General comments

Ley was a friend of von Braun’s. Unlike von Braun, Ley did not cut a deal with the Nazis but escaped to America. In his day, he was a fairly well known science popularizer. Nearly a half century after Ley’s death, he is no longer a well known figure; if one were to button hole a stranger and ask them about Ley and Bonestell’s International Fantasy Award winner, 1949’s The Conquest of Space, I expect all you would get is a blank look.

It’s a pity because aside from the shocking lack of an index, this is a perfectly charming collection of short, informative popular science essays. Where convenient, Ley explains his research methods, something that would allow the teenagers at whom this book was aimed to emulate him. In many cases, science has moved on, as it does, but I am sure Ley would be delighted by the new information1. Although contemporaries mention a German accent there’s no hint in his style that English is not his mother tongue2.

This is long, long out of print and your library probably does not have a copy. Pity. Used bookstores are your only recourse in this matter.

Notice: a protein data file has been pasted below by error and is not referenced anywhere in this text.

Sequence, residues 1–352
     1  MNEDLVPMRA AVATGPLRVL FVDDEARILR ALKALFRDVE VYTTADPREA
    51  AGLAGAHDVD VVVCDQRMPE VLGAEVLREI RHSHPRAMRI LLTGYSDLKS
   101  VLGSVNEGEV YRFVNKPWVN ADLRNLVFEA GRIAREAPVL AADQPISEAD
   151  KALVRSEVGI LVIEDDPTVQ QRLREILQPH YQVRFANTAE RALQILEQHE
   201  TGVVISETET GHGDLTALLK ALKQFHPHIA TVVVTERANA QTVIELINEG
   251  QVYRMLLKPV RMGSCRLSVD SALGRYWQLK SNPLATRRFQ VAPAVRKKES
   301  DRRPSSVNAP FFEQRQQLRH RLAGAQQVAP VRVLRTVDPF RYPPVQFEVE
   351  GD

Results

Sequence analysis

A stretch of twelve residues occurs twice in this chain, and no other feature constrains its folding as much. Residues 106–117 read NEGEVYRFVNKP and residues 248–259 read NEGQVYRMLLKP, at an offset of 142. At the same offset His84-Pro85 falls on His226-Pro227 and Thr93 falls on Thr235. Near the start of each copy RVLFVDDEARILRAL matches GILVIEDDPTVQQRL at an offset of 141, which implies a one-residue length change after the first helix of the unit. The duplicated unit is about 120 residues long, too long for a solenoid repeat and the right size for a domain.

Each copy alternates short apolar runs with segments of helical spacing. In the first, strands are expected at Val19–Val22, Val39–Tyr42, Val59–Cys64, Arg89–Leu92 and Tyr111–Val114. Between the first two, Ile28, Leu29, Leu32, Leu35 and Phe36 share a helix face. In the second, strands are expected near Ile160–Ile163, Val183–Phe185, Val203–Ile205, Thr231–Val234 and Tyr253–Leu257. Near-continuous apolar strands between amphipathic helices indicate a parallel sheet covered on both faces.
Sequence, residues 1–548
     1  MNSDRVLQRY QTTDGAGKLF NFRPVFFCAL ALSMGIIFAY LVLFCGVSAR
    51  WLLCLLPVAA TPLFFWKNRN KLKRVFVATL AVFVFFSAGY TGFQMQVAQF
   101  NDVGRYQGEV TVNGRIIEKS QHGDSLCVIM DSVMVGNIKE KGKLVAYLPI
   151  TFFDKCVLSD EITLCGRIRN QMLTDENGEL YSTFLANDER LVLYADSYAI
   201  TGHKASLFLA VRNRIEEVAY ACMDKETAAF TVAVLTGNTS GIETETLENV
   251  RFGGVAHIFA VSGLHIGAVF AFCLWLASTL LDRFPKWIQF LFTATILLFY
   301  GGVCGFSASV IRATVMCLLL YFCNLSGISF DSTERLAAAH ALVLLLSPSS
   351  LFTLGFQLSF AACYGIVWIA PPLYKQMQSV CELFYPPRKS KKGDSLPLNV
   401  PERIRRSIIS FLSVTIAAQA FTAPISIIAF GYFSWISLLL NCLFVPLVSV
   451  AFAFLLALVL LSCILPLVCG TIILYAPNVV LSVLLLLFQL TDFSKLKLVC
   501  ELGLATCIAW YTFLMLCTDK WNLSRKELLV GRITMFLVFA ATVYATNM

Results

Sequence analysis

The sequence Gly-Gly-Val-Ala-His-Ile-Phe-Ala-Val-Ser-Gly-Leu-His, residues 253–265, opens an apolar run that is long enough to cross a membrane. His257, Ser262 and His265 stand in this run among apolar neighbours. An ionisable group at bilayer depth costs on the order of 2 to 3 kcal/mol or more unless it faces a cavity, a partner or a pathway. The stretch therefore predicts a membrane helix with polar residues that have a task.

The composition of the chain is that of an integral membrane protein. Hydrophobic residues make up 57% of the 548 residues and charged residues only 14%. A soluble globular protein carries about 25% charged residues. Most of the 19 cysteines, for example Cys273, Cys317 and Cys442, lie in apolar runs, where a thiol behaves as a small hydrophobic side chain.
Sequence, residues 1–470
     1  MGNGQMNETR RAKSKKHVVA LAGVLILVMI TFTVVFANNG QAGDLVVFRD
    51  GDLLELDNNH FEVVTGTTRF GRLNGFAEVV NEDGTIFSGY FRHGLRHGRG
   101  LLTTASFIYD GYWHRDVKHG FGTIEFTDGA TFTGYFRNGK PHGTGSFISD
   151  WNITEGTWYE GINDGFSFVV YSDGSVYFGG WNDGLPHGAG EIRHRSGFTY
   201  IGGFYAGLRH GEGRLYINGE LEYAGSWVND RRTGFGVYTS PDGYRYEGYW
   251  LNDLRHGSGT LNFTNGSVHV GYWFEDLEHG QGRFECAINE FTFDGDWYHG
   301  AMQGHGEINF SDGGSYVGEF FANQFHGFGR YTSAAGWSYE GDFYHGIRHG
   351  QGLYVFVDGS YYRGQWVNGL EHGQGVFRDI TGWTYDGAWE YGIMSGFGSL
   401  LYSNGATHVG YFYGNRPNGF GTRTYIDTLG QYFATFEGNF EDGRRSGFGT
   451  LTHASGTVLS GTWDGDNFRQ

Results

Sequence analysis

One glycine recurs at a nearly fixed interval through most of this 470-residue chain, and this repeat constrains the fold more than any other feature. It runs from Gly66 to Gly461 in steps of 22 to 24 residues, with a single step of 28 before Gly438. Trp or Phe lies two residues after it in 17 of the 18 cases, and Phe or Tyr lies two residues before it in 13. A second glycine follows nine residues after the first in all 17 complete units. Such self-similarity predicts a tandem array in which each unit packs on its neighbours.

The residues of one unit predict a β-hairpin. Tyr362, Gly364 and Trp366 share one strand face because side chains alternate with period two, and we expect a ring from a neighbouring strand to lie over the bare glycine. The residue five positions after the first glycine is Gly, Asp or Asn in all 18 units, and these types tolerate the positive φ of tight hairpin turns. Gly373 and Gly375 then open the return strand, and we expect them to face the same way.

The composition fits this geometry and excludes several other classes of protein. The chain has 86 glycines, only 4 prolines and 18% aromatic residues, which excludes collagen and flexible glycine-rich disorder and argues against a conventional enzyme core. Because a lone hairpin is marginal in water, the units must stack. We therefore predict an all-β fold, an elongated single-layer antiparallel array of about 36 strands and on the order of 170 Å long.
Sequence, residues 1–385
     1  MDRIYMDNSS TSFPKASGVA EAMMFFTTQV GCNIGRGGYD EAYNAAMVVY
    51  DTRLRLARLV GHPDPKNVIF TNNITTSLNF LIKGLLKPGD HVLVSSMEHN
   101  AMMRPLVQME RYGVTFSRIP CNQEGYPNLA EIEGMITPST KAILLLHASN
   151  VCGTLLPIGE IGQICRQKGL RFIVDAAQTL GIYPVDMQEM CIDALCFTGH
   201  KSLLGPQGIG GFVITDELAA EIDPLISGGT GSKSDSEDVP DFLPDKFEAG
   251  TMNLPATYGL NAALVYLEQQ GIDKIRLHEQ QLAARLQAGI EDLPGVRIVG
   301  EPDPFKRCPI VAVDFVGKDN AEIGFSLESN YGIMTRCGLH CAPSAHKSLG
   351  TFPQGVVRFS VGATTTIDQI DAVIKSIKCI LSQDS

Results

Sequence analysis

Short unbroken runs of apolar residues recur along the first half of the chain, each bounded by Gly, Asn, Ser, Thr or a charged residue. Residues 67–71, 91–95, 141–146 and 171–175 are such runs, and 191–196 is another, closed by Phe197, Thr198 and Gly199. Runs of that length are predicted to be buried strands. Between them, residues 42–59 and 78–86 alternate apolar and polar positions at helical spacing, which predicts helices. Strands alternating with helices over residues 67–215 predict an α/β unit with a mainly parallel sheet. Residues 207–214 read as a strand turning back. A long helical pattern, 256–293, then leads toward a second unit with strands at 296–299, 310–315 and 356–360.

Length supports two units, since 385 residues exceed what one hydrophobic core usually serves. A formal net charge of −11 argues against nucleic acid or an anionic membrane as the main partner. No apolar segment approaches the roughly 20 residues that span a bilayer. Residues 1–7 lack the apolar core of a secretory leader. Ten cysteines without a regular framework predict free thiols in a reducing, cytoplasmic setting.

1: He is somewhat put out by the hellworlds Mars and Venus turned out to be but if he’d only lived a decade or so longer, he would have seen the first hints that worlds like Europa were not mere dead rocks.

2: He spoke German, Russian, English, and French.


Comments

  • David Cowie

    "The Egyptians were discourteous enough to leave records relating to their construction methods and Ley rather unkindly has read them, which means his interpretation is based on grim fact and not beautiful fantasies."

    I approve of this sentence.

  • Joseph Major

    I have somewhere a copy of Willy Ley's For Your Information: On Earth and In the Sky (1967), a collection of those columns from Galaxy; more of the same and worth a search.

  • Ross Presser

    "This is long, long out of print and your library probably does not have a copy. Pity. Used bookstores are your only recourse in this matter."

    While it is true that it is long out of print, there does exist a 14-day borrowable digital copy at the Internet Archive. You will need Adobe Digital Editions installed.